In excess of 5,000 people put forward their views in a major public placemaking consultation aimed at shaping how Scotland’s Capital looks, feels and functions for generations to come.
Today Transport Convener Councillor Lesley Macinnes expressed her thanks on the city’s behalf to everyone who took the time to complete the online survey or to have their say at one of the many events held during the eight-week consultation, which came to a close yesterday [Monday 12 November].
As well as nearly 4,200 responses submitted online via the Council’s Consultation Hub – the second highest number of online responses ever submitted to a consultation on the Hub – around 1,000 people sent their comments by email or came along to public drop-in sessions promoting the Edinburgh: Connecting our City, Transforming our Places consultation over the past two months.
The consultation, which launched on 17 September, sought views on three linked placemaking projects currently under way, led by the Council: the Edinburgh City Centre Transformation, the City Mobility Plan (successor to the current Local Transport Strategy) and plans for Low Emission Zones in the Capital.
A separate but related consultation about proposals for regular car-free ‘Open Streets’ events also closed earlier this month, attracting almost 700 responses.
Cllr. Macinnes said: “This project promises to be a real game-changer which could enable us to make some really transformational changes to our city centre and town centres, for everyone’s benefit. We had a tremendous response to the consultation and on behalf of the whole team, I’d like to thank everyone for making the time and effort to take part. Your feedback will be invaluable as we take the three major projects forward and you will truly be able to say that you helped to shape the future of this great city for generations to come.”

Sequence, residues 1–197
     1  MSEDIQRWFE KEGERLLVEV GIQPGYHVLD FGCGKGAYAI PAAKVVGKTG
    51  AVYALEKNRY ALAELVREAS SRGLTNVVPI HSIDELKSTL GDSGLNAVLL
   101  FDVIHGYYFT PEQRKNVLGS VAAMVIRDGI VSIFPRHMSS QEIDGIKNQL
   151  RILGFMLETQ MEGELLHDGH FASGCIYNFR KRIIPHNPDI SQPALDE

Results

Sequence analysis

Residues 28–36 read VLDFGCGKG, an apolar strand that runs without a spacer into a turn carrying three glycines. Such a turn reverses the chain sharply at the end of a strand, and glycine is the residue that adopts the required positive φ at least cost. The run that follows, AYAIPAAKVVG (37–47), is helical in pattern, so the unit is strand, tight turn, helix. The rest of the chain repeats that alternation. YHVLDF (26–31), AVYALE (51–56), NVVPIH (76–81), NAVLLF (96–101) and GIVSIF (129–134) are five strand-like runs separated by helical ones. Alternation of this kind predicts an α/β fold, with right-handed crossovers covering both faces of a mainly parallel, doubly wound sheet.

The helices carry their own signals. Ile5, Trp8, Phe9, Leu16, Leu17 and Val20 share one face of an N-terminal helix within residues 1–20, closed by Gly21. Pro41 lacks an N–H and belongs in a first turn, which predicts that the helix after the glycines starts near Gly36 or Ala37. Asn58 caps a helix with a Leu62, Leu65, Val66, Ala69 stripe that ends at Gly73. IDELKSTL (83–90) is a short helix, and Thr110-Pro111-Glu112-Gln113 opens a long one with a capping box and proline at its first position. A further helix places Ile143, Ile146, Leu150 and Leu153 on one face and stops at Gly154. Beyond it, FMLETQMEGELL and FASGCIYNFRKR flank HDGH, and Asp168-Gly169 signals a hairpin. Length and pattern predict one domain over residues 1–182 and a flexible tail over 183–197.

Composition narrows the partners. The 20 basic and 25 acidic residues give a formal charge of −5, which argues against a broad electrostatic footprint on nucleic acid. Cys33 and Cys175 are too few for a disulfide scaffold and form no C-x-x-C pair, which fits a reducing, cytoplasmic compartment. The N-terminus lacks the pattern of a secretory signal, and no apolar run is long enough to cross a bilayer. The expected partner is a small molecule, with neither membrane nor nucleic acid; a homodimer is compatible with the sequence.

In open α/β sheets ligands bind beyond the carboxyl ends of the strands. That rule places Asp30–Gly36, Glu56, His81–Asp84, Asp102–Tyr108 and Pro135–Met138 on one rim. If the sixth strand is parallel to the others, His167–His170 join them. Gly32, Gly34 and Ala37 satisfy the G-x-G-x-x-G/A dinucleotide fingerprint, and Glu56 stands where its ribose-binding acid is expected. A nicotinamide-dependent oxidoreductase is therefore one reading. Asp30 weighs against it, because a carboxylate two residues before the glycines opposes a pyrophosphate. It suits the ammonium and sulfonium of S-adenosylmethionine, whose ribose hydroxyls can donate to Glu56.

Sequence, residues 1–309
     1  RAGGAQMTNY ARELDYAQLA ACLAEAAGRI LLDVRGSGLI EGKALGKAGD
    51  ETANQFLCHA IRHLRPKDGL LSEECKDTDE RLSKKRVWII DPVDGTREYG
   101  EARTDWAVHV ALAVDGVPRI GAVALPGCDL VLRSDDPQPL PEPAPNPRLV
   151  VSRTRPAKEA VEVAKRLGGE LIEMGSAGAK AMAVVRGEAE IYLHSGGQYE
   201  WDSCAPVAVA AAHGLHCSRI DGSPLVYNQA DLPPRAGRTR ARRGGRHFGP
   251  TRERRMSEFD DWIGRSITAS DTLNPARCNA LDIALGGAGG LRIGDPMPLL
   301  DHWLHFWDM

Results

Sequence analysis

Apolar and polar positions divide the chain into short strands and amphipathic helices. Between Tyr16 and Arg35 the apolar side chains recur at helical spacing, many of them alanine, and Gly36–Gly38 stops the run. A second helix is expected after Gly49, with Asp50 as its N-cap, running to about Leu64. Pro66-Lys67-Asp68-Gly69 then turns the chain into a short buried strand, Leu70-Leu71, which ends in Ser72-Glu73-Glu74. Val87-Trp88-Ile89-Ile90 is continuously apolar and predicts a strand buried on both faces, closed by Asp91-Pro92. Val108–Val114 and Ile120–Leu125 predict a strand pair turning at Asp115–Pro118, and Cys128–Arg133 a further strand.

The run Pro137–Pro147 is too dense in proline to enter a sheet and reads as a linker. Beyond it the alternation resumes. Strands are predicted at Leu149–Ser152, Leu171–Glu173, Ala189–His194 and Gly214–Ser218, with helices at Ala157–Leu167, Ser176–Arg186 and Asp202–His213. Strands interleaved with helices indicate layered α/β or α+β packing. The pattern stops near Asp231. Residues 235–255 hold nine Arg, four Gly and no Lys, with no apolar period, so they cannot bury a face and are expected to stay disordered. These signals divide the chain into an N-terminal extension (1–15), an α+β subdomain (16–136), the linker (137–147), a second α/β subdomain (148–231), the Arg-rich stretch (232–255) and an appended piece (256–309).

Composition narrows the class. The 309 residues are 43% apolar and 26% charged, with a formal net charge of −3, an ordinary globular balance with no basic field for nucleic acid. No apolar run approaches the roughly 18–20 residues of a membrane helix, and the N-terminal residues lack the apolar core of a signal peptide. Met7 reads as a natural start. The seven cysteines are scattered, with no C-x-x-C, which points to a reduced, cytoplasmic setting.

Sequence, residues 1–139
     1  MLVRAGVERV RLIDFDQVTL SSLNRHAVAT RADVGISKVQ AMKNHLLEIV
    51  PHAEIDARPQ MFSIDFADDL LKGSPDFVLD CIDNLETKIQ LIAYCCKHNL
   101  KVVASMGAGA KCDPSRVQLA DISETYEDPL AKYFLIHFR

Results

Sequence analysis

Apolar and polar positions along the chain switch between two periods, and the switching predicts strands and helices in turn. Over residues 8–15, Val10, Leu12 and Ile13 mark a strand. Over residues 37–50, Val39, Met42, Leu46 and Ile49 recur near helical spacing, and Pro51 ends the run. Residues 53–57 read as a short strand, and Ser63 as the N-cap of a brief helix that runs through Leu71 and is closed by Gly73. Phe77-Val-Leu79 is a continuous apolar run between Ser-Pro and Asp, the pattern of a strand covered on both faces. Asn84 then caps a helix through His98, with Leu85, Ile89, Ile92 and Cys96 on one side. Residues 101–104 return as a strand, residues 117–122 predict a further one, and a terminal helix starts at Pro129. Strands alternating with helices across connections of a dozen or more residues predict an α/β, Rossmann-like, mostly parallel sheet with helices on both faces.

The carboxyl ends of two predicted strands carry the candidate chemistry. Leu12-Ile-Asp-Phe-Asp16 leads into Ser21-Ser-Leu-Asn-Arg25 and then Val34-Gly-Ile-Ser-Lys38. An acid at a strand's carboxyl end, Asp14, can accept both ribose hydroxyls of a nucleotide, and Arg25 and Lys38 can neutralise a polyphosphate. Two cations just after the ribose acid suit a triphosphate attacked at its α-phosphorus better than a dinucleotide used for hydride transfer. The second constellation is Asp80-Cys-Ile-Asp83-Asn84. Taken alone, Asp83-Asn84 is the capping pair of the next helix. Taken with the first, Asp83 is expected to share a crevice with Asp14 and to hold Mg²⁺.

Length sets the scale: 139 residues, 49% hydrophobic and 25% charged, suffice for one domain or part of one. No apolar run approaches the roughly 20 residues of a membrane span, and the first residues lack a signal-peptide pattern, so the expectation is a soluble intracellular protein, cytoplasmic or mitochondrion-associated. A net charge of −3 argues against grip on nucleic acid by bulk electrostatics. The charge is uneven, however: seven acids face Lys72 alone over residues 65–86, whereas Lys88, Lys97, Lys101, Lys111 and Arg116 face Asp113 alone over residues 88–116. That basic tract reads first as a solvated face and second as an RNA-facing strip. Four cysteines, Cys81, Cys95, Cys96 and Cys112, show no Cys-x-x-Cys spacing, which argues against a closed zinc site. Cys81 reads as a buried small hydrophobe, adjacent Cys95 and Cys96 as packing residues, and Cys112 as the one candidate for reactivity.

Vice Transport Convener Councillor Karen Doran said: “This is a genuinely transformative project and something which has been much needed for many, many years. The scale of public engagement and participation shows just how important it is that we get this right for Edinburgh.”
The consultation was supported by numerous partner organisations and with funding from the Scottish Government through Sustrans Scotland’s Community Links programme.
Matt MacDonald, Head of Infrastructure for Sustrans said: “These schemes make sure that the city centre and the streets across the city have people at their heart, enabling them move around easily and safely. We’re very glad to see so many people have responded to the consultation. These ideas and comments can now be taken on board and incorporated to make sure these changes benefit everyone that lives in, works in or visits Edinburgh.”
The project team will now go through all the responses to the consultation, identifying key themes and using the feedback to work up detailed proposals for each of the projects, with a view to carrying out further public consultation in mid-2019.
A report focusing on the outcomes of the consultation is due to go to Transport and Environment Committee in early 2019.